It’s the journey

I’m typically an impatient person. But tell me a good story about an incredible (or even a mildly interesting) journey and I will sit in rapt attention. For example, I never get bored reading, watching or listening to anything about Lewis and Clark’s journey to the Pacific ocean.

I think my fascination with any journey is why I love driving change.

I once thought (and my naive’ reading of many business books led me to believe) that change is a near instantaneous process of: Boss reads a book Monday,  implements changes on people Tuesday, is showered with praise from now cheerful people Wednesday, gets big promotion to corporate headquarters Thursday and is celebrated at farewell party Friday.

Turns out, it doesn’t usually work that way.

When I was slogging through a partially successful (and terribly slow) implementation of Theory of Constraints or failing at my first Guiding Coalition attempt, I didn’t realize that I was on a journey.

Now that I’m older and wiser, and know how to drive change (versus drive people to change), I enjoy the journey and–surprisingly enough–I drive a whole lot faster toward my destination.

Plus, now when I hit a snag, a pothole or a tree, I don’t get discouraged.

Those things happen on a journey.

So I pick myself, look around for what or who I’ve still got with me and–most importantly–keep going.

[How do I do this?  I can’t quickly explain, so I’ll borrow some pictures. Think Jim Collins’ flywheel and Stockdale Paradox mixed with Stephen Covey’s  Be Proactive and Circle of Influence.]

I won’t say today that I’ve really reached the destination of my journey.

I’m not quite ready to yell with Clark, “Ocean in view!”

But…if I tilt my head and take a deep breath, I can smell the scent of salt water a little ways off; and now and then I’ve seen a few gulls fly overhead.  So, I keep driving.

If you love a good journey, consider driving change.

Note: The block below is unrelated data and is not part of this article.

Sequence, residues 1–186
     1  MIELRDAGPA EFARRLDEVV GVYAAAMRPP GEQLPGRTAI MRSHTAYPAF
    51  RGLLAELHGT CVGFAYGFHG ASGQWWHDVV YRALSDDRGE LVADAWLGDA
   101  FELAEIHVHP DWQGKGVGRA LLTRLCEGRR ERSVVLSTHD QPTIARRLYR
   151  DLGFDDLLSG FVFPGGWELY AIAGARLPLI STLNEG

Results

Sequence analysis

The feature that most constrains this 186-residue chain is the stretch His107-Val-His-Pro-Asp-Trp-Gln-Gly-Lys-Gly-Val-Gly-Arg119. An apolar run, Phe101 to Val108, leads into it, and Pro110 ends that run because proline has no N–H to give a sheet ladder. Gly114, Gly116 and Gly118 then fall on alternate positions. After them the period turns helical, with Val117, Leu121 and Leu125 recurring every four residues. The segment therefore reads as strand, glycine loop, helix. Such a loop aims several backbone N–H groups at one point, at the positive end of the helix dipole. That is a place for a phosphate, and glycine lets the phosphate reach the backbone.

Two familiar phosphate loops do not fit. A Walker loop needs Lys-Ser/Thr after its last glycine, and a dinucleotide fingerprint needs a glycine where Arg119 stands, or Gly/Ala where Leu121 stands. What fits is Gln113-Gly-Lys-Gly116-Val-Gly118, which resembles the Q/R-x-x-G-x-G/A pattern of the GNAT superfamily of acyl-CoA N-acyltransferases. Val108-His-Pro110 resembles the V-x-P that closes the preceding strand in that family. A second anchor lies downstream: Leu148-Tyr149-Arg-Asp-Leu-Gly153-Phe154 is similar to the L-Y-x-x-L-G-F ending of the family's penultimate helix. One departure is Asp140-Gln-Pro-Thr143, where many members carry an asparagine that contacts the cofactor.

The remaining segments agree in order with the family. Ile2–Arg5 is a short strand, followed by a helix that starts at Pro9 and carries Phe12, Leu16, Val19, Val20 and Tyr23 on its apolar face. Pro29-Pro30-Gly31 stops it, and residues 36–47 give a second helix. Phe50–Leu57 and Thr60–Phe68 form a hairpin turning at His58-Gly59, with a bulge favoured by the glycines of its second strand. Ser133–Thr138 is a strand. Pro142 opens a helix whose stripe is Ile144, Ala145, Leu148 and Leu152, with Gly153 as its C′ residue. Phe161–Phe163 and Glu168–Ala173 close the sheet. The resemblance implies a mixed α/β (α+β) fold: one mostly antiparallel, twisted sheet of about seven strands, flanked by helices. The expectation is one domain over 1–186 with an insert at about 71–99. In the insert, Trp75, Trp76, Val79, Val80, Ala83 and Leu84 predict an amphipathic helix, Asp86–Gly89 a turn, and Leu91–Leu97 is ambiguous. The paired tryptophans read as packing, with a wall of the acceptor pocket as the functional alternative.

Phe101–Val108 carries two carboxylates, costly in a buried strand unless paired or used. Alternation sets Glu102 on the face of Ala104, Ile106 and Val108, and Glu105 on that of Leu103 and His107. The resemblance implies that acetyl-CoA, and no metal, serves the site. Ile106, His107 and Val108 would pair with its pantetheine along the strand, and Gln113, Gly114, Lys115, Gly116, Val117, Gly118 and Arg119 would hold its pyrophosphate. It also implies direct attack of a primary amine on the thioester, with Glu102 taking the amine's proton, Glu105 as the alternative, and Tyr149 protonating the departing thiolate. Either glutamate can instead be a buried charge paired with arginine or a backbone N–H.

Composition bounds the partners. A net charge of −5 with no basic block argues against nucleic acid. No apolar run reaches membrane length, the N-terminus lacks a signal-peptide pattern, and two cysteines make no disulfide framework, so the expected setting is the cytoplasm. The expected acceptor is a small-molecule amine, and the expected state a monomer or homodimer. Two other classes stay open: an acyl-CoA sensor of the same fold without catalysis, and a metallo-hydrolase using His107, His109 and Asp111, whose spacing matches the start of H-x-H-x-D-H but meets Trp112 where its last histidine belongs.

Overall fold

If you love a good journey story, keep checking this blog.  I have a few good journey stories to share.

If you’ve got a journey story you want to tell, let me know. I’ll consider posts from guest bloggers.

Keep driving your change, maybe that ocean is closer than you think.

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Driving Change versus Driving People

Learning new things often requires learning new terms, especially when the old terms (e.g., leadership, change management) are overburdened with vague and contradictory definitions and descriptions.

Through my work with large organizational change, I’ve learned that I need new terms to describe two very different change methods, driving change versus driving people.

I’ve found driving change produces both near and long term success while driving people sometimes creates near term results but rarely produces long term success.

With the difference in results, you would think most people trying to make a change would be driving change. Yet most  are daily driving people.

How can you tell which one you’re doing?  First you need to know the descriptions and definitions of each term.

I intend to make a sharp and immediate distinction between the term driving change and the term driving people.

Let’s picture something together.

You and 20 other people live in the middle of a huge forest.  Last night the forest was hit by a terrible storm.  The only road to get out of the forest was in bad repair before, but surveying the damage this morning you see newly downed trees and whole sections of road were washed out by the overflowing streams.  The goal is to get the 20 people and you out of the forest.  You aren’t the boss.  You’re just one of the 21 people.  But, the boss has instructed you to get everyone out of the forest, including him.  What do you do? The Story Continues…

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